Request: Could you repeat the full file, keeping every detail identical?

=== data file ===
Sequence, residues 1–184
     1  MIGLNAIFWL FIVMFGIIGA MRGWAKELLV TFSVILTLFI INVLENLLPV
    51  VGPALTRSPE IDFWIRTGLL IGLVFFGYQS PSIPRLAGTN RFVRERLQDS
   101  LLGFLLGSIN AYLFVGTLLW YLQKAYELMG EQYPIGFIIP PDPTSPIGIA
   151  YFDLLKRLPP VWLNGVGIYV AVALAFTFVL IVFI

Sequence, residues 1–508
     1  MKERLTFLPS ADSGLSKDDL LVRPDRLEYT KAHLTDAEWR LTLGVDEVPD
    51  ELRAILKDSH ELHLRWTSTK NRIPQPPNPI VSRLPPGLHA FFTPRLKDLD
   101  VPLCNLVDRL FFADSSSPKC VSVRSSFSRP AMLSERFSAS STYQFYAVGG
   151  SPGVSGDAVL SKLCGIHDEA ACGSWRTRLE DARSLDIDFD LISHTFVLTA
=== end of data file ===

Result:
Sequence, residues 1–184
     1  MIGLNAIFWL FIVMFGIIGA MRGWAKELLV TFSVILTLFI INVLENLLPV
    51  VGPALTRSPE IDFWIRTGLL IGLVFFGYQS PSIPRLAGTN RFVRERLQDS
   101  LLGFLLGSIN AYLFVGTLLW YLQKAYELMG EQYPIGFIIP PDPTSPIGIA
   151  YFDLLKRLPP VWLNGVGIYV AVALAFTFVL IVFI

Sequence, residues 1–508
     1  MKERLTFLPS ADSGLSKDDL LVRPDRLEYT KAHLTDAEWR LTLGVDEVPD
    51  ELRAILKDSH ELHLRWTSTK NRIPQPPNPI VSRLPPGLHA FFTPRLKDLD
   101  VPLCNLVDRL FFADSSSPKC VSVRSSFSRP AMLSERFSAS STYQFYAVGG
   151  SPGVSGDAVL SKLCGIHDEA ACGSWRTRLE DARSLDIDFD LISHTFVLTA